Twenty-three years of sleeping alone have come undone in eight quick months. Monday night when I went to sleep, O. was still on the couch, working on his laptop. The bed was cold when I lay there alone--my pajamas and blankets are calibrated for the heat of two bodies. Still, I slept. I slept and woke, slept and woke, each time expecting to find O. beside me. He wasn't there and he wasn't there.
It's astonishing, the blast of feeling that comes in the first microseconds of waking, when the mind stumbles across the threshold between oblivion and consciousness. I never suspected that sleeping--really sleeping--would become a social and relational activity. Here I am, not even three-quarters of a year into this covenant of life together, and already my default settings for something as fundamental as sleep (and if you know me, you know sleep is extremely fundamental for me) have been totally altered.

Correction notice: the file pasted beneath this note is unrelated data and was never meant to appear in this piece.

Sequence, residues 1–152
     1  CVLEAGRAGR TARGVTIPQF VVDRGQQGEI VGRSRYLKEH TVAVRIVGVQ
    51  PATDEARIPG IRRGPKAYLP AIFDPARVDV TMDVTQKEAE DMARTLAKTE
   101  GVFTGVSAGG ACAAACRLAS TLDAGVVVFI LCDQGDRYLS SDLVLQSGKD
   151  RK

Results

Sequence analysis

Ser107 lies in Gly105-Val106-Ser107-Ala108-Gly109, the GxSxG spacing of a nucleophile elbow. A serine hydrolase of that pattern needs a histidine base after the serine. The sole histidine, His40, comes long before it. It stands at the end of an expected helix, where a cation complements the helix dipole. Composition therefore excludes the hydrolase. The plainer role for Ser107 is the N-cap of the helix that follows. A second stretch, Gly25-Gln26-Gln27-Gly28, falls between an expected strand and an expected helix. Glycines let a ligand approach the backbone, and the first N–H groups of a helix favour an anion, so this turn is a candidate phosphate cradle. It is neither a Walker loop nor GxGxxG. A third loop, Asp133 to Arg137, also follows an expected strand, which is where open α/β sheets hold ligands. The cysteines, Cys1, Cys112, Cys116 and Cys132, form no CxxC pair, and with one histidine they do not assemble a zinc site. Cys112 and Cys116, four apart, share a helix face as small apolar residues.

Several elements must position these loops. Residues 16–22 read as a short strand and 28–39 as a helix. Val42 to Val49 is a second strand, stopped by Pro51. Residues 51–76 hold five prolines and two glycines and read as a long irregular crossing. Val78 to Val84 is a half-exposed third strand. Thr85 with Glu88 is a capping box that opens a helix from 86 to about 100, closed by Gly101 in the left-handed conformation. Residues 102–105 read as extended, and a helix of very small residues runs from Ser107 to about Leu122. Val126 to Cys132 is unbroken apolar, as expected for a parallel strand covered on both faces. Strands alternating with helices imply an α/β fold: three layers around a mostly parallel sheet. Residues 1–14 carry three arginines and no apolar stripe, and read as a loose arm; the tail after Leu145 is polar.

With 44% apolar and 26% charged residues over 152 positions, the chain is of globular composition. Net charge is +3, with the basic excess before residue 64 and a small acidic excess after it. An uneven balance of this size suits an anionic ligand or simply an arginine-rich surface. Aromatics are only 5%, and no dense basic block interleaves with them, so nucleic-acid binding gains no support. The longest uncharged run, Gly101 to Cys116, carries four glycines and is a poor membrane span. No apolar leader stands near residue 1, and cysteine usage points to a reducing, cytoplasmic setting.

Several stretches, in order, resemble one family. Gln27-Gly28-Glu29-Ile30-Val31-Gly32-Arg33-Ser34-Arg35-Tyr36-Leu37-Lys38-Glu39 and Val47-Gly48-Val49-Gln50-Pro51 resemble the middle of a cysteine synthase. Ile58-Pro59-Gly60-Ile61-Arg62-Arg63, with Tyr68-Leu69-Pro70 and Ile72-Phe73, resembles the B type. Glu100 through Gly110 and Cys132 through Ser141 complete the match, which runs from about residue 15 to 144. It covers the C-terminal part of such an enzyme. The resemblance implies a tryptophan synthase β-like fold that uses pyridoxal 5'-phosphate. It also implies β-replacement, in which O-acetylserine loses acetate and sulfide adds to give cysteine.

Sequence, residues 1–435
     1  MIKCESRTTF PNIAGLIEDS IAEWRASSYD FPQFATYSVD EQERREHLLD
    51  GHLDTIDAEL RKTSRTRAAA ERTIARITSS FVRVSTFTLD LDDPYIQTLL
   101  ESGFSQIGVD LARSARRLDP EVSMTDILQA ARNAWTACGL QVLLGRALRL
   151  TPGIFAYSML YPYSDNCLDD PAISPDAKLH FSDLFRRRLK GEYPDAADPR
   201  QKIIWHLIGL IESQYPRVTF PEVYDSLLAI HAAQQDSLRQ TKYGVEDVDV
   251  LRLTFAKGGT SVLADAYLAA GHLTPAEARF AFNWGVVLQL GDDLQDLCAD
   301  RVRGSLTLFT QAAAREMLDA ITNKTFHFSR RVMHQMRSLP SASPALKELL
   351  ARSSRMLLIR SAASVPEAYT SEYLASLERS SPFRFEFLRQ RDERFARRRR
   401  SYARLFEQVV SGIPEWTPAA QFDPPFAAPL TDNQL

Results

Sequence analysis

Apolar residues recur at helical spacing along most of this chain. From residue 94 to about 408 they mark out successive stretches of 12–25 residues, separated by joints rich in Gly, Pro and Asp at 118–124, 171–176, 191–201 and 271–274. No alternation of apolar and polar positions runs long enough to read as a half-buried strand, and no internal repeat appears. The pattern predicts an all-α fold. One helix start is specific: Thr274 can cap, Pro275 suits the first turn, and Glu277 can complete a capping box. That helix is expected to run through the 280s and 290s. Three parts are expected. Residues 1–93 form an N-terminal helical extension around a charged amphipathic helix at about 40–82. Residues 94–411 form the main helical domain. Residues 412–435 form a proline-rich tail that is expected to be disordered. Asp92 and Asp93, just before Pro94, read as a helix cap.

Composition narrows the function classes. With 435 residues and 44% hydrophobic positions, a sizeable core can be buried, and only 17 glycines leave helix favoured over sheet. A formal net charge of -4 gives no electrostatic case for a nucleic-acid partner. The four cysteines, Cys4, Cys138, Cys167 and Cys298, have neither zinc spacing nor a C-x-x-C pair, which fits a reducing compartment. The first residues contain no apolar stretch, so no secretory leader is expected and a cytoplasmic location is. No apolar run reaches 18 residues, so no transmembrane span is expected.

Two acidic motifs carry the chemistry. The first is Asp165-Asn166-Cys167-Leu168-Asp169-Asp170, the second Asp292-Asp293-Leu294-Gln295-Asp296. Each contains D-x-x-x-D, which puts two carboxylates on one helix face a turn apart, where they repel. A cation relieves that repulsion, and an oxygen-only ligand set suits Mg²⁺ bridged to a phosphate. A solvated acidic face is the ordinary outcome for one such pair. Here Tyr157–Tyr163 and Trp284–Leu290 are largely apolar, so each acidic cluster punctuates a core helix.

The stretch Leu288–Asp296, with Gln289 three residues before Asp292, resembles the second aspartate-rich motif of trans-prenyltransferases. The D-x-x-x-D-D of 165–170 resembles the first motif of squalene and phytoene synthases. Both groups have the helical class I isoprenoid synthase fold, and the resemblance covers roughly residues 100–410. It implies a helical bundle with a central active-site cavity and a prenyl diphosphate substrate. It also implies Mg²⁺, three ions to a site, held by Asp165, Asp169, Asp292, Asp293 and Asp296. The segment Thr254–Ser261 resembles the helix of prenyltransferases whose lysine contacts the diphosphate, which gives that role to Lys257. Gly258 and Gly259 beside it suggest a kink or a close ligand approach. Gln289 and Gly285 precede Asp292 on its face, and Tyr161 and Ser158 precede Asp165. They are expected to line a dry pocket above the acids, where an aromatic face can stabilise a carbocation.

(Well, not totally. I still need my 9 or 10 hours of sleep for maximal functioning, and I still wake up when the light first reaches me. Nonetheless, so many qualitative factors transformed themselves while I was unawares.)
At dawn, O. finally came to bed. The next two hours of sleep were more restful than the preceding six. When we woke together, the sun was falling through the slanted blinds onto our shared comforter, and in every way the world was brighter and warmer than it had been, just hours before.